Alternatively, it can be established under a theory that the person has “a blood-alcohol level of 0.08 or more grams of alcohol per 100 milliliters of blood,” § 316.193(1)(b), or the person has “a breath-alcohol level of 0.08 or more grams of alcohol per 210 liters of breath.” § 316.193(1)(c).
Challenges to Fight the Medical Blood Test
The defense can file a motion to exclude the medical blood test results when the prosecutor seeks to admit this evidence. In many cases, the prosecutor will obtain the medical records that contain a notation about the blood test results.
The criminal defense attorney will then object to the results of the hospital’s BAC test performed for the purposes of medical treatment. Those objections might center around the notation in the medical records being hearsay, irrelevant, or are in violation of the confrontation clause.
Although the notation of a BAC level in the hospital records are hearsay, the state will often argue that the blood test results in the medical records are a business record exception. That exception only applies if the blood report is untrustworthy.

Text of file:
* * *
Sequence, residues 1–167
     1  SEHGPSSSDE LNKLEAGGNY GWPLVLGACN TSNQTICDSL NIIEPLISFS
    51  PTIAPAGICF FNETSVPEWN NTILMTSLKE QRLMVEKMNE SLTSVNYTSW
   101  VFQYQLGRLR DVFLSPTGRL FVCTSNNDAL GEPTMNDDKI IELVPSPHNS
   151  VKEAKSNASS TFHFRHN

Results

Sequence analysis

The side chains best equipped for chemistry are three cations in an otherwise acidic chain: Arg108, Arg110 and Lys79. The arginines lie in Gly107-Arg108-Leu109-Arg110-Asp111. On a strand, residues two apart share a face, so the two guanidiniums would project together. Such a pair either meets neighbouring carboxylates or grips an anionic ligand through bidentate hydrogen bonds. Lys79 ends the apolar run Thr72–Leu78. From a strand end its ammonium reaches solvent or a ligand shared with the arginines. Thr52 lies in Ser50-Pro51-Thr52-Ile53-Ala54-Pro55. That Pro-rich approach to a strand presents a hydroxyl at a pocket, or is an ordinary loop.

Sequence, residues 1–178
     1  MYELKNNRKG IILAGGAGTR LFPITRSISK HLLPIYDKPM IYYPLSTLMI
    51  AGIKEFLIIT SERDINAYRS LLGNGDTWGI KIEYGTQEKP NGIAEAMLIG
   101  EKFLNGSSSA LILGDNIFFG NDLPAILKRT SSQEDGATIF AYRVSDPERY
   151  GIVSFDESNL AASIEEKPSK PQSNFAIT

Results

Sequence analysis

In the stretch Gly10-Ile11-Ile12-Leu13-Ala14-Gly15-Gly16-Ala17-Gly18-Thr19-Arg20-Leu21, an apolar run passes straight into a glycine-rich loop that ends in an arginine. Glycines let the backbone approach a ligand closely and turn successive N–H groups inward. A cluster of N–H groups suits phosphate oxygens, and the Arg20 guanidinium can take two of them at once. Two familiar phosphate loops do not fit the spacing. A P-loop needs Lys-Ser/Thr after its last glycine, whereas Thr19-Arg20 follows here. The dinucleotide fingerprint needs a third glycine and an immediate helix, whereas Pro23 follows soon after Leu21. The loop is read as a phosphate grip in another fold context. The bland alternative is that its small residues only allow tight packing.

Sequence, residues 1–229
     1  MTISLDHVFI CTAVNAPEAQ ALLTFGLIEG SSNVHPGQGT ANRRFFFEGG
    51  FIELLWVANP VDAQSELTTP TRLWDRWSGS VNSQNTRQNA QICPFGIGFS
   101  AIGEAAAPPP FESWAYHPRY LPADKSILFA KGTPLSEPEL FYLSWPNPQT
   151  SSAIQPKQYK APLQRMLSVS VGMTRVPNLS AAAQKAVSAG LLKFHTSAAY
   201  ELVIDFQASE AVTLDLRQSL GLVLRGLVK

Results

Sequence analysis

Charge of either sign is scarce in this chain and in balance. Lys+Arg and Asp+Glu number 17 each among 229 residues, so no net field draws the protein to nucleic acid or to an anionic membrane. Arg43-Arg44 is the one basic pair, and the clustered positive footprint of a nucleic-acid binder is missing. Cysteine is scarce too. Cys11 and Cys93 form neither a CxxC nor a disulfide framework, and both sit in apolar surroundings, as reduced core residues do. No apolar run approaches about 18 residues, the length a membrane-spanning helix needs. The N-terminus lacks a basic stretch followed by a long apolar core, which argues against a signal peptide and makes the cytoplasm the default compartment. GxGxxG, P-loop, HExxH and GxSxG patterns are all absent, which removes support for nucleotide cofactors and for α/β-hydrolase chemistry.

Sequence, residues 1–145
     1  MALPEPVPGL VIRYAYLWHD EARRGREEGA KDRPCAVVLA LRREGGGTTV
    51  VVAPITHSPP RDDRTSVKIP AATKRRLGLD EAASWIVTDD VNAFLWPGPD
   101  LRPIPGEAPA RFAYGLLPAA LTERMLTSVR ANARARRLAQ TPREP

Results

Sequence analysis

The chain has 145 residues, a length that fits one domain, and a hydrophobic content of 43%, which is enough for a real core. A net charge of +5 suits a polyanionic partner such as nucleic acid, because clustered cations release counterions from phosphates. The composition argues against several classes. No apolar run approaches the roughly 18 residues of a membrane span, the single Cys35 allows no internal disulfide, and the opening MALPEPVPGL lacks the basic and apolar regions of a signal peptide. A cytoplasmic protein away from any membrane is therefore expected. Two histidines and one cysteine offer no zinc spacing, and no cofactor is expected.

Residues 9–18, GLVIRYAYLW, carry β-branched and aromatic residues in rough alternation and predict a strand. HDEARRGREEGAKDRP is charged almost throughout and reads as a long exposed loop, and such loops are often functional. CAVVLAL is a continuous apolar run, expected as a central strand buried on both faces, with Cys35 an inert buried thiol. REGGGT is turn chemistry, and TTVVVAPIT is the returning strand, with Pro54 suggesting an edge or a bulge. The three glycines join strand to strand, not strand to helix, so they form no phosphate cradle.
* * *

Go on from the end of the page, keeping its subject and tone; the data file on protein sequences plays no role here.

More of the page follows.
The defense can challenge the trustworthiness of the hospital records by evidence from the quality control records of the hospital through its lab director including the maintenance log, package insert and method of the alcohol measuring instrument.
Many hospitals use the VITROS 950 or similar types of preliminary tests. The hospital lab director will often admit that the hospital blood tests are not scientifically accurate but are merely used as screening tests to determine approximate levels of alcohol in order to evaluate the patient’s condition and to prescribe medications.